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Up, over, under, through

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Gross motor

Duration/age

Duration: 
Suitable for children: 
Skills this activity improves: 
Child walking - view of there feet

You can make an obstacle course with your child inside or outside. Work together to discover what you have around home that you can use to make the obstacles. Try and build different challenges that your child can walk on, go up, over, under or through.

Make obstacles that your child can balance on. You could use something like a flat piece of wood or a masking tape line.

We need something you can balance on - what could we use? How about this piece of wood?

What about climbing over or under? You could use a large cardboard box for a tunnel, or a pile of cushions that can be scaled like a mountain.

Up and over. It’s wobbly, but you can do it. Hold on tight. Don’t worry, I’ve got you.

You could use plastic cones or a line of toys for your child to weave through.

Run around the teddy, then the truck, then the doll, then the giraffe. Yay, you made it!

You can hang some things up high and encourage your child to reach and stretch to touch them. Try balloons or a soft ball in a stocking. Your child can try and hit them with a bat. To complete the course you could make a hurdle by filling two large plastic milk containers with water and balancing a broom handle through them.

Can you jump over the hurdle? One, two, three, jump.

Materials you will need

  • Toys
  • Planks of wood
  • Masking tape
  • Cushions
  • Broom handle
  • Milk containers
  • Cardboard box
  • Plastic cones
  • Stocking
  • Bat and ball

Alternative tools

  • Cardboard
  • Texta or crayon

Why does this matter?

Helping you to plan the different obstacles gives your child an opportunity to solve problems such as ‘What could we use to make them?’, or ‘How high can you jump?’.

Playing with the obstacles gives children a chance to use and develop their big muscles.

Your child will be learning the concepts of up, over, under, and through as they play and finding out how their body feels in space.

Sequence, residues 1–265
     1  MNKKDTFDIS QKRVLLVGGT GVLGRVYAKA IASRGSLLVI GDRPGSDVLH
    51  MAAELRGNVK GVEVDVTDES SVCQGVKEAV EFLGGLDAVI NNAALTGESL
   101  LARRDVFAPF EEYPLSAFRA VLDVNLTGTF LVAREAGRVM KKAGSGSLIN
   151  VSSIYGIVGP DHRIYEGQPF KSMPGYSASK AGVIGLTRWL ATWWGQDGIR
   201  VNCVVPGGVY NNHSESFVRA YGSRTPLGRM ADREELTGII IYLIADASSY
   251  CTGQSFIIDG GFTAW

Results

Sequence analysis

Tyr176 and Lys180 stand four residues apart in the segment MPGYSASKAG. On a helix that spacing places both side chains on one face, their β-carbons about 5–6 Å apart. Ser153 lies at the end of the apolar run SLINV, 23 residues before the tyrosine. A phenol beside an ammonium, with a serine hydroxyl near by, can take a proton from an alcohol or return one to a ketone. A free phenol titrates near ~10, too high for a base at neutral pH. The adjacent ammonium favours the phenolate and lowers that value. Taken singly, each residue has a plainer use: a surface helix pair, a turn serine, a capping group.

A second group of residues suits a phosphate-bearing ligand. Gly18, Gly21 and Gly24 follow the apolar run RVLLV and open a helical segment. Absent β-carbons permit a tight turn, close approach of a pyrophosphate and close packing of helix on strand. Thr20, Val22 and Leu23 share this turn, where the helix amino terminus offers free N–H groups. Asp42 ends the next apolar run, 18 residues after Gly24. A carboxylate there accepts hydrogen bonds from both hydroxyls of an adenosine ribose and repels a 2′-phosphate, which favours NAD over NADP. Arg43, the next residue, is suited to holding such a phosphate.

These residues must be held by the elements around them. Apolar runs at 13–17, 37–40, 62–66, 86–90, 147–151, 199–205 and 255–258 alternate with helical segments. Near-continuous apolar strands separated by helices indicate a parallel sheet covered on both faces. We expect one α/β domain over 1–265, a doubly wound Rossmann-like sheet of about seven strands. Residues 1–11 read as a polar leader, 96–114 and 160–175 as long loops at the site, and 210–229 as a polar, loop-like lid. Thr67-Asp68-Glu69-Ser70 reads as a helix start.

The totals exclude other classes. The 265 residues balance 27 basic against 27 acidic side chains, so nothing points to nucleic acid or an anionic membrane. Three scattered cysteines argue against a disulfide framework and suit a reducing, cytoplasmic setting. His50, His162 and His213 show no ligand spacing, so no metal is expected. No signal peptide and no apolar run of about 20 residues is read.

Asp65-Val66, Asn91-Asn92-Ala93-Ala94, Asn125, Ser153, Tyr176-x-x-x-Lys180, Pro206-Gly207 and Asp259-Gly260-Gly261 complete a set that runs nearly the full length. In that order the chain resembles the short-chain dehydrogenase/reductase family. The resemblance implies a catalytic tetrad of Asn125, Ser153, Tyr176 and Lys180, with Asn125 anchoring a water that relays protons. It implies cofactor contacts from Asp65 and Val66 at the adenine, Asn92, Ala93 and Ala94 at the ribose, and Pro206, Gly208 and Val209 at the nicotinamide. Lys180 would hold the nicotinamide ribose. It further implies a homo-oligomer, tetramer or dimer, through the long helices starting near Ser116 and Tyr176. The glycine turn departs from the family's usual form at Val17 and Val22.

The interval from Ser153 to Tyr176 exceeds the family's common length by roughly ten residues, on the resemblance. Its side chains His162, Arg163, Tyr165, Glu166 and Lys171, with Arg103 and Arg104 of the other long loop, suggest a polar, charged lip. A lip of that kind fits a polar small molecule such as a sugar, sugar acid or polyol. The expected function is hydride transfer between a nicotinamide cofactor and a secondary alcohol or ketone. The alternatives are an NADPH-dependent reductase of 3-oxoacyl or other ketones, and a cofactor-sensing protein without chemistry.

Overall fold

What does this lead to?

Problem-solving is an important skill that helps children in everyday life and in school. It helps them to look at alternatives and think about possibilities.

Gross, or big, muscle development helps children to build their strength, become more active and will later help with being able to write effectively.

When children have lots of bodily practice, especially with spatial concepts like these, they will gain a true hands-on understanding, rather than it being just an abstract concept.

Language to use

  • Up, down
  • Over, under
  • Through, around
  • Climb, jump, crawl, balance
  • Start, finish
  • Tape, cushion
  • Fast, slow, careful
  • Obstacle, course

Questions to use

  • Which part do you like the best?
  • Is that tricky for you? That’s okay, just try again.
  • What else can we add to the course?

Useful tips

  1. For safety information see Safety for children 0-4 years or visit www.parenting.sa.gov.au
  2. You might also like to take a look at the Baby obstacle course activity.
  3. Remember to talk to your child in your home language.

More ideas

More ideas

  1. Use a timer to see how long it takes to get through the course.
  2. Make some places in your obstacle course where your child can follow instructions. ‘Stand on the mat and clap seven times’. Make signs so they know what to do. Remember to save them for next time.

Variation by age

Three to five year olds

  • Go to the playground and find what else you can go up, over, under and through. It might not just be playground equipment.
  • Try a chalk course. On a footpath or driveway draw instructions and diagrams for your child to follow. These could include ‘twirl’ with a circle and arrows, ‘stamp and growl’ with footprints, ‘star jumps’ with a star, and so on.

Questions to ask

  • What can you climb over?
  • Is there anywhere to climb through?
  • What do you think this writing says?
  • This one tells you to do star jumps. How many can you do?

Language to use

  • Jump, twirl, stamp, growl
  • One, two, three
  • Some, lots